Camus considers that man is confronted with a contradiction between his desire to understand the world and the silence of the world that does not answer his questions. This situation creates a feeling of absurdity in the man who feels foreign to the world and to himself
Camus then proposes two possible attitudes to the absurd: suicide or revolt. Suicide is a way to escape the absurd by giving up life, but Camus rejects it as an easy and unreasonable solution. Revolt is a way of facing the absurd by accepting one's condition without resigning oneself, by living with passion and freedom, by creating human values and solidarity.
But be careful, for Camus revolt is not the same thing as revolution. The revolt is a spontaneous and individual movement that expresses a refusal of injustice and absurdity, without trying to impose a new ideology or a new system. "Revolution is a collective and organized project that aims to transform the world according to a doctrine or utopia, even if it means sacrificing human lives in the name of an ideal. "
Camus criticizes historical revolutions such as the French Revolution or the Russian Revolution, which he accuses of having betrayed the original spirit of revolt and of having generated totalitarian and oppressive regimes. Instead, he defends an ethic of revolt that respects the dignity and freedom of every human being, without giving up the fight against tyranny and oppression.
I have made here only a slight summary of his Philosophy.
First I respect and enjoyed reading Camus. But I'll give my answer to the question in the form f both a puzzle and a joke I am particularly fond of.
We are in a high school gym and the boys are lined up against one wall and the girls are against the opposite wall. The walls are 20 metres apart. Every 30 seconds the boys and girls step forward so as to halve the distance between them.
There is a mathematician, a physicist and an engineer present. They are asked when will the boys and girls meet?
The mathematician emphatically says never meet as no two points can ever coincide.
The physicist says they will meet in an infinite amount of time as the distance will then approach 0 in an infinite number of halvings.
The engineer is scribbling on a scarp of paper, the looks up and says "In 3 minutes flat for all Practical Purposes because they will be 30 cm apart which is well within groping distance".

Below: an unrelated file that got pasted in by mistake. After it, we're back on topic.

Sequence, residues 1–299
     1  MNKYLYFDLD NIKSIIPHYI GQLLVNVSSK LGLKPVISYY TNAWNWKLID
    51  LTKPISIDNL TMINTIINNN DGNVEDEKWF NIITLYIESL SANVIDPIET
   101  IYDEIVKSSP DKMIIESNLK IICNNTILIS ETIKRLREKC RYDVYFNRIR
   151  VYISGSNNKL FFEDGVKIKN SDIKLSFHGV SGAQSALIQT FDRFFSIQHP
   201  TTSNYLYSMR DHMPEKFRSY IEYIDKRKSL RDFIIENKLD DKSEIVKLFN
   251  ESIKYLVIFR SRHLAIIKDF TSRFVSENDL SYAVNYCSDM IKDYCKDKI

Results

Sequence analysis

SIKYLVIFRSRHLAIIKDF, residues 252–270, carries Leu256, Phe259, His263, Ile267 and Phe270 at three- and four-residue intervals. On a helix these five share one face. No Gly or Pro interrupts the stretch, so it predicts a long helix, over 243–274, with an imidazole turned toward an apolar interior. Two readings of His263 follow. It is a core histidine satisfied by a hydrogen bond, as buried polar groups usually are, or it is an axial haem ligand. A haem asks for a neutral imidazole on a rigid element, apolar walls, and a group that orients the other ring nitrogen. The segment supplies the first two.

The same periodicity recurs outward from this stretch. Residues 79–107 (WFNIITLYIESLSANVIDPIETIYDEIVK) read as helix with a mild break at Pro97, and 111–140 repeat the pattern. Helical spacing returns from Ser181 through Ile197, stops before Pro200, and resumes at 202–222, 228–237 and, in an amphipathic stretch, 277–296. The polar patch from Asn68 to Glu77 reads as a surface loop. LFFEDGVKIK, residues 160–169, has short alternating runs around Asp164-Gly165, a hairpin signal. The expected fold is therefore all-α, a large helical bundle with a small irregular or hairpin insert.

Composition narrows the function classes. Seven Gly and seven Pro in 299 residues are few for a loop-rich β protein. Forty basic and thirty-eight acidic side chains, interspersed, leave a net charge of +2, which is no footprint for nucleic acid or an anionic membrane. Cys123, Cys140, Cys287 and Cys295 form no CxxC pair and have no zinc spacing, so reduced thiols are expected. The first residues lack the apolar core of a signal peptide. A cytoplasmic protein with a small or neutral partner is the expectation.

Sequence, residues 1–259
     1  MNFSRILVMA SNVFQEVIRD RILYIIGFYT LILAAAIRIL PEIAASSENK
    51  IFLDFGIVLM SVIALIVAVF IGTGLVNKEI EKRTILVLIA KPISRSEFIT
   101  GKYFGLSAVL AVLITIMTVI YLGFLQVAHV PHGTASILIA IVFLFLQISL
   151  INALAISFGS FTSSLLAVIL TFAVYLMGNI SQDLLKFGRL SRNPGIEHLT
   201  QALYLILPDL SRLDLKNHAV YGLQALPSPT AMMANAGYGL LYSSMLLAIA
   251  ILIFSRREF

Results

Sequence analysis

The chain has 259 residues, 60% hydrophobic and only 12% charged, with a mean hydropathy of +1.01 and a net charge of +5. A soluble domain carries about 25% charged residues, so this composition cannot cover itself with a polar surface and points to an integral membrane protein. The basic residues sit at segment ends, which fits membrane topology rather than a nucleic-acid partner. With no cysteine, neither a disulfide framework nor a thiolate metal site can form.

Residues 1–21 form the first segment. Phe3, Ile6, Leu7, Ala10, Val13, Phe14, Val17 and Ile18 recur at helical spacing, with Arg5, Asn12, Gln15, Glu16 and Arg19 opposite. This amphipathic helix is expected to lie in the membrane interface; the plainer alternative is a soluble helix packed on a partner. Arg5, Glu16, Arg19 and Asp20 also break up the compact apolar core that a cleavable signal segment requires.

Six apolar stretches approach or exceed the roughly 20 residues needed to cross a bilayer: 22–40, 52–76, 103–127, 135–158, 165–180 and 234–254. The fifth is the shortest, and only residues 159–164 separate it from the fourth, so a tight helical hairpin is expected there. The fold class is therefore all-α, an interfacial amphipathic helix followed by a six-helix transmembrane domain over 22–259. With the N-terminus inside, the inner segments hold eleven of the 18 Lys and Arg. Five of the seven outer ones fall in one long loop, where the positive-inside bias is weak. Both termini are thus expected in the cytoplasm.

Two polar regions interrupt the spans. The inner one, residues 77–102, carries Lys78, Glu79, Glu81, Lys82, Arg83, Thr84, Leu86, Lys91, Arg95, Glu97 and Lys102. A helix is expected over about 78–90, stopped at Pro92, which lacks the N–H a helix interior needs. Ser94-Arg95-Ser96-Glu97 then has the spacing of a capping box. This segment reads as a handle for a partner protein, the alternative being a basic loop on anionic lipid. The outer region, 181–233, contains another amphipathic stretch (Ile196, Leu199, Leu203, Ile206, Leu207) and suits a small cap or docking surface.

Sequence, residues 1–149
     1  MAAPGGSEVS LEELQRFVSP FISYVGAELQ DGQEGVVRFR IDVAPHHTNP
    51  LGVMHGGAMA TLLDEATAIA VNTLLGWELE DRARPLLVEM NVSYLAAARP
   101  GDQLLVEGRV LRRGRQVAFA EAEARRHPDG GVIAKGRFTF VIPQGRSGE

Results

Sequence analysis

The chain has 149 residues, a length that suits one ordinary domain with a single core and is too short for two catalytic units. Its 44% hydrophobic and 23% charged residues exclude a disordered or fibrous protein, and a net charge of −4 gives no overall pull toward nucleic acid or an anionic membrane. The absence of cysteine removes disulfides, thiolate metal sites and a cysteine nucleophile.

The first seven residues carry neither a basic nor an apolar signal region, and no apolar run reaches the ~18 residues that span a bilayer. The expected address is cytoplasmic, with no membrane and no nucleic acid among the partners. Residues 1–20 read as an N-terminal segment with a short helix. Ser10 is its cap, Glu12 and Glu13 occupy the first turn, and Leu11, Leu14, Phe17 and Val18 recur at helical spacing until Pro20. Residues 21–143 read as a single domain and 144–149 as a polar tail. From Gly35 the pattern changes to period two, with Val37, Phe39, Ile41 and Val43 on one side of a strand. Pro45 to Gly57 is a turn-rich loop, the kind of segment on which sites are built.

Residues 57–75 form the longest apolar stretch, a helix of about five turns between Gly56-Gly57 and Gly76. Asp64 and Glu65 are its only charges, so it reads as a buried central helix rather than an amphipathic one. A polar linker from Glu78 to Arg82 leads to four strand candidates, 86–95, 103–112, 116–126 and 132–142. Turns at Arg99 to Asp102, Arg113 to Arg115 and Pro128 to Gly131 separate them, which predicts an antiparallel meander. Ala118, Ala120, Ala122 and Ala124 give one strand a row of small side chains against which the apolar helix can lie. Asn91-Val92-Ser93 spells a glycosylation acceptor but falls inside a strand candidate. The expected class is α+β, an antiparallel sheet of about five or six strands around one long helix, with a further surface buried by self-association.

The engineer is our hero because he has applied practicality to this thorny issue whilst the mathematician and the physicist are applying highly theoretic views inappropriately.
I admire Camus and he influenced me and I felt the absurdity. But I have gone down the practical Engineers path instead. Camus is right in the same sense that both the mathematician and the physicist are right in a highly theoretic way.
I would not revolt against the tyranny of an increase in retirement age seeing inexorable practicalities of demographics. But I would revolt against the oppression of restricting voting rights from retired people on the basis they don't have much skin left in the game.
To be honest I don't feel that what Camus says is purely theoretical. For him existence is absurd is a fact, and he says that there are two solutions to face it. Noticed that for an atheist it is not surprising that Camus develops this idea.
However, the religious have the impression that conceiving a life without God opens the way to immorality etc., but Camus does not exclude morality and ethics in his philosophy and his commitments in his life prove that his words were accompanied by action. It is for that which will fall out with Sartre.
OK. Maybe I have taken it as should revolt when that is not intended. In the case of retirement age I might see that as oppressive and tyranny for those close to retiring especially tradies who are feeling the effects of years of manual work wearing out their bodies.
So if I look to Camus for guidance should I revolt on their behalf? Do I have a moral duty in this?
he distinguished between revolt and revolution. Revolt is a personal act of rejecting injustice and affirming one’s freedom and dignity. Revolution is a collective attempt to transform the world according to a utopian vision. Camus was critical of revolutions that sacrificed individual lives for an abstract ideal. He advocated for a revolt that respects the limits of human nature and seeks solidarity with others.
So, if you look to Camus for guidance, you might ask yourself: what kind of injustice are you facing or witnessing? How can you express your revolt without harming yourself or others? What kind of values do you want to uphold and share with others? These are not easy questions, but they might help you find your moral duty in this situation.
Thank you for your patience and further explanation. It is making more sense to me now.